Powering up the Mediterranean LNG market

Powering up the Mediterranean LNG market

New strict EMISSION legislation will incite power plants and ships operating in and around the Mediterranean to switch to alternative fuels, thereby increasing the need for liquefied natural gas (LNG) in the region.

Text: Isabelle Kliger Photo: iStock

The status quo in the Mediterranean energy market is about to change dramatically, following the introduction of the Medium Combustion Plant Directive (MCPD), which limits emissions of pollutants from medium-sized power plants, and the update of the Large Combustion Plant (LCP) Best Available Techniques Reference (BREF) document for large combustion plants. LCP BREF is likely to be approved by the European Union by mid-2017. The new LCP BREF document will contain, among other things, Best Available Techniques (BAT) emission levels for large new and existing liquid and gas-fired internal combustion engine plants. The BAT conclusions in the LCP BREF will provide the reference for setting the permit conditions to installations covered by the IED (Industrial Emissions Directive).

Tord Johnsson, Area Business Development Manager Europe and Africa with Wärtsilä’s Oil & Gas Business, explains that these regulations will be major game changers for the Mediterranean energy sector. “Whereas up to now there were exemptions for isolated power generation systems, such as those on the Mediterranean islands, the MCPD stipulates that they will no longer apply after January 2025.” 

“This means, if the power generation companies on the islands want to carry on operating, they will have to switch to LNG, or implement a treatment solution, the latter of which is not economical in the long run,” he continues. 

Existing LNG plants 

Despite the existing exemptions, LNG is not an entirely novel concept in the region in or near the Mediterranean. In fact, some power plant operators are already ahead of the curve.

As early as 2008, Wärtsilä began delivering LNG-ready, dual-fuel engines and related equipment to the island of Madeira, after winning a tender with Empresa de Electricidade de Madeira (EEM), a publicly owned energy company that generates and sells electricity throughout the island. (While just outside the Mediterranean, as part of the Portugal, Madeira has many features in common with islands inside the Mediterranean.) The plant is currently running on LNG, which is supplied to the island via the virtual LNG pipeline.

Later, in 2014, Wärtsilä signed a major contract with Shanghai Electric Power for the conversion of the Maltese Delimara Power Station Phase III to operate on natural gas. The first phase of the project to convert this 140-MW power plant, located in the eastern part of the island of Malta, was completed in October last year. 

Meanwhile, tenders are currently ongoing for power plant projects in the Greek archipelago and the Spanish Canary Islands.

Marine regulations

It is not only in the power segment that the state of affairs is about to change as a result of new emissions legislation. In an unrelated move, the International Maritime Organisation (IMO) recently announced the Marine Environment Protection Committee’s (MEPC 70, in London) agreement that a global 0.5% cap for fuel sulphur content for ships will come into force in 2020. This means that operators using residual fuels need to change to higher-quality liquid fuels, LNG or use a SOx scrubber.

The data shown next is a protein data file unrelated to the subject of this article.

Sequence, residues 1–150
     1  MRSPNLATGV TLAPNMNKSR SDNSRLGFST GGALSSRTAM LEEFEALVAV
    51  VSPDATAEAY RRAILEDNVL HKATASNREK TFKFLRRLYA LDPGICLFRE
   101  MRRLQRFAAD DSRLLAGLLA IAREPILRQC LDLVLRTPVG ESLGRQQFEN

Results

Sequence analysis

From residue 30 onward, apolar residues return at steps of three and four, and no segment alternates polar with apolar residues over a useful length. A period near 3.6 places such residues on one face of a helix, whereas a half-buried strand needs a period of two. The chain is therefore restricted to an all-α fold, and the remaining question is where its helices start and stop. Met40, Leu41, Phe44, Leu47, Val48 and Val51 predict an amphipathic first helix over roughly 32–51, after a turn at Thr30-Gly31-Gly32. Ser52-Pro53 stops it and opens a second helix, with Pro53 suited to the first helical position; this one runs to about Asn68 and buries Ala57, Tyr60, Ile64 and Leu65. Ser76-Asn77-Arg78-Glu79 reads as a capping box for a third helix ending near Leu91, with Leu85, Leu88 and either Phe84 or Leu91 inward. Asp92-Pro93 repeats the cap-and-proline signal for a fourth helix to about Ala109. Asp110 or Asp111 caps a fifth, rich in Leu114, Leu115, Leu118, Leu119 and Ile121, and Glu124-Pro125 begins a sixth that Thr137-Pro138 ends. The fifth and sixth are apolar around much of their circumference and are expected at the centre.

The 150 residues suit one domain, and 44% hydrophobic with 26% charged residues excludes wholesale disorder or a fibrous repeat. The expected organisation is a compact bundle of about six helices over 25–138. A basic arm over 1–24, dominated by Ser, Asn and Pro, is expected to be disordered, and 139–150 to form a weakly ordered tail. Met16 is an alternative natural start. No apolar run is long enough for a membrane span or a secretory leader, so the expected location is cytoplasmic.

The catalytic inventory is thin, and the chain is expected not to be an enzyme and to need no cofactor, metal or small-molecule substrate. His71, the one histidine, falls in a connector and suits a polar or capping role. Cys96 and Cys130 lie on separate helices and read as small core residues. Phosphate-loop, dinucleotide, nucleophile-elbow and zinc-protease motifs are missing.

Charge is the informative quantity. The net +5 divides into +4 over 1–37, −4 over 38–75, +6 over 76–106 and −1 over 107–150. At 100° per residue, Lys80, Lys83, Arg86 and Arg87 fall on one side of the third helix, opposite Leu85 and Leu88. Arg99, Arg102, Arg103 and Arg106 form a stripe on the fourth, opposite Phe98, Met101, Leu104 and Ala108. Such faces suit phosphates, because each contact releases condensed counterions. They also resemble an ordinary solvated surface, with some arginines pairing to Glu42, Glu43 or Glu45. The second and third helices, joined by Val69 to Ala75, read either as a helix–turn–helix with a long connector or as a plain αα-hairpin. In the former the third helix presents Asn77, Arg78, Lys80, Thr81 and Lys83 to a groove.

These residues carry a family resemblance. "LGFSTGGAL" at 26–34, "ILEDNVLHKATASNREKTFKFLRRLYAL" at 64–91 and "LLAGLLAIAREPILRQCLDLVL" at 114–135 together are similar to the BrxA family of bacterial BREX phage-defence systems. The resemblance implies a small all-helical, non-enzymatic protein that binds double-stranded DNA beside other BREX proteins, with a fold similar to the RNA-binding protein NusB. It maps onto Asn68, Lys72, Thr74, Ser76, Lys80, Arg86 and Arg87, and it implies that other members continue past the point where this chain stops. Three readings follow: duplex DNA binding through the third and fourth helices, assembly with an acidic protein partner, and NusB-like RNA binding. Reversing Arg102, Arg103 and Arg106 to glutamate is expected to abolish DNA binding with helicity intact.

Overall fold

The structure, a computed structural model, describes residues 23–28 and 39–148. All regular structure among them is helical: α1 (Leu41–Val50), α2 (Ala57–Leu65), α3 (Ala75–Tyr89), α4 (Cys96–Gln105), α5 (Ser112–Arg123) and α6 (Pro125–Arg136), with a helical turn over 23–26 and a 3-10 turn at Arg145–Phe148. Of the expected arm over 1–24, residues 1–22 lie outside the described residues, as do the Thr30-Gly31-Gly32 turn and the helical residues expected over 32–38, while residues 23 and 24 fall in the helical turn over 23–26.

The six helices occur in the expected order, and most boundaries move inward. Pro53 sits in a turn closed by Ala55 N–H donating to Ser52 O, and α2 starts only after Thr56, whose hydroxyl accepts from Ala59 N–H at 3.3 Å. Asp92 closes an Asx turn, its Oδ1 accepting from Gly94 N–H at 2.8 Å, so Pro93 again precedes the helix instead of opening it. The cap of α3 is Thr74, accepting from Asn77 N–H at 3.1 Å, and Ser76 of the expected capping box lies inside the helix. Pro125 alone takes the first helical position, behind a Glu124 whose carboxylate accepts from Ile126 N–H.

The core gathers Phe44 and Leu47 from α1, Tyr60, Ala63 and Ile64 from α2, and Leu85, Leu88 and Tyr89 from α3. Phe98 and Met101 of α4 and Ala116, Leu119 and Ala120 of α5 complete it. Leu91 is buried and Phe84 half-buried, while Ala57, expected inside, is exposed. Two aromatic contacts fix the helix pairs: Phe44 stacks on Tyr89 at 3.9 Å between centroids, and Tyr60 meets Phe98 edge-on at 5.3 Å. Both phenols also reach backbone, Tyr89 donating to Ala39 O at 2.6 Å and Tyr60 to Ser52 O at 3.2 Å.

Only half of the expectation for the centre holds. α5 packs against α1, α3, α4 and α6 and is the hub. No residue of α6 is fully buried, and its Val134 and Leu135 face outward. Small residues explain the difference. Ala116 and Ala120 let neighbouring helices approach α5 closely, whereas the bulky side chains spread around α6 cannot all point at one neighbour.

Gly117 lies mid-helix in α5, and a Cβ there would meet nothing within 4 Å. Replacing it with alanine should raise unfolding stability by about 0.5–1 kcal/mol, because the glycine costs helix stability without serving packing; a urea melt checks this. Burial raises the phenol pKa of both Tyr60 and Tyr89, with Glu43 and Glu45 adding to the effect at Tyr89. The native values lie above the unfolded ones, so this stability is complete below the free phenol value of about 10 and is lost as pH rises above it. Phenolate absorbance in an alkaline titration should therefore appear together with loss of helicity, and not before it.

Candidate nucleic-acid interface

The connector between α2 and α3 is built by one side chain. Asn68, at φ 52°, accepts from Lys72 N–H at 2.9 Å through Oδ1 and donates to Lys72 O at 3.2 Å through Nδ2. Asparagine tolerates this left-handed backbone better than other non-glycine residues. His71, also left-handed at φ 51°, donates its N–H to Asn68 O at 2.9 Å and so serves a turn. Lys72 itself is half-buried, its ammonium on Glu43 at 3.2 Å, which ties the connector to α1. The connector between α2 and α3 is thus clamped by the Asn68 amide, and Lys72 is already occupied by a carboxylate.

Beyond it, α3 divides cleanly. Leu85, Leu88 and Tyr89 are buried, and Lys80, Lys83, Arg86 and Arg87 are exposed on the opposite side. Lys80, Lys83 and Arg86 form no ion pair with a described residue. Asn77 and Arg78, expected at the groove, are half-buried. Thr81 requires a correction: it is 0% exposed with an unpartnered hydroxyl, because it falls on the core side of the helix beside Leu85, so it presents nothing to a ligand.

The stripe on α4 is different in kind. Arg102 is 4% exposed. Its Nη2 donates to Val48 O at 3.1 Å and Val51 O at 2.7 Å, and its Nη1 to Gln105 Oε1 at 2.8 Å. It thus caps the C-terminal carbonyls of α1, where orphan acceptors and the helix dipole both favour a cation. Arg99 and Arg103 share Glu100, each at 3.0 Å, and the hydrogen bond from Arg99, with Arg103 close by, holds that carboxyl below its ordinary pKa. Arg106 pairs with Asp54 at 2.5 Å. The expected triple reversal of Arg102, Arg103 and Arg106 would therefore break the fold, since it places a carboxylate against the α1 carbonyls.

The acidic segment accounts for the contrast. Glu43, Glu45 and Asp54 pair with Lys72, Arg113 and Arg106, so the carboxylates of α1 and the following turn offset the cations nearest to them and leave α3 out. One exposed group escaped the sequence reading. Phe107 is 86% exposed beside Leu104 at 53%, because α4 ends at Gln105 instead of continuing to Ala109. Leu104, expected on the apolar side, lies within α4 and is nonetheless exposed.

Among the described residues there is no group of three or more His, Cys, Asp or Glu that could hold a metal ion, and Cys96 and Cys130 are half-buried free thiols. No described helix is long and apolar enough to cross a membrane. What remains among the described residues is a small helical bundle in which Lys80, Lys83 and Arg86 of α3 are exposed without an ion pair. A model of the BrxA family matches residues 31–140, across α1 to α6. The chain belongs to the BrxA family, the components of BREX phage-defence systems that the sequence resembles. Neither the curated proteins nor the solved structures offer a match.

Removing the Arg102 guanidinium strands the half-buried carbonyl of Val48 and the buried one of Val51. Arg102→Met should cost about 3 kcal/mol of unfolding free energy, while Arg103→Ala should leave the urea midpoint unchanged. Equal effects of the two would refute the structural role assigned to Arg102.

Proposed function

LNG is widely recognised as the preferred fuel choice to simultaneously reduce all vessel exhaust emission components. Running on LNG reduces emissions of greenhouse gases by 5–10%, while NOx emissions and particle emissions are reduced by 85–90%. Meanwhile, sulphur emissions are close to zero.

Johnsson says that the timing of these two legislative moves can be seen as a fortunate coincidence. 

“The fact that both the power generation and maritime segments will come under new regulatory requirements at around the same time means, in theory, that the two industries could benefit from setting up a common LNG infrastructure with shared costs,” he comments.

Long-standing expertise 

With its extensive experience in the delivery of both power plants and ships that run on a combination of conventional fuels and LNG, Johnsson explains that Wärtsilä is uniquely positioned to support the transition that will need to take place in the Mediterranean over the coming years. Moreover, he adds that there are clear advantages to bundling together the delivery of the LNG infrastructure and the power plant, as it makes it possible to execute the project as one. This, in turn, allows the operator to save time and money, reduces energy consumption, and optimises the LNG input to electrical output performance.

“Wärtsilä can provide the expertise and industrial know-how to enable customers to identify the best solutions for their operations,” he says. “Regardless of whether operators want to build from scratch or convert an existing installation, we can provide both the necessary LNG infrastructure and the dual-fuel solutions for the power plants and the vessels.”

Read more:

https://www.wartsila.com/twentyfour7/gas/malta-prepares-for-an-lng-powered-future

 

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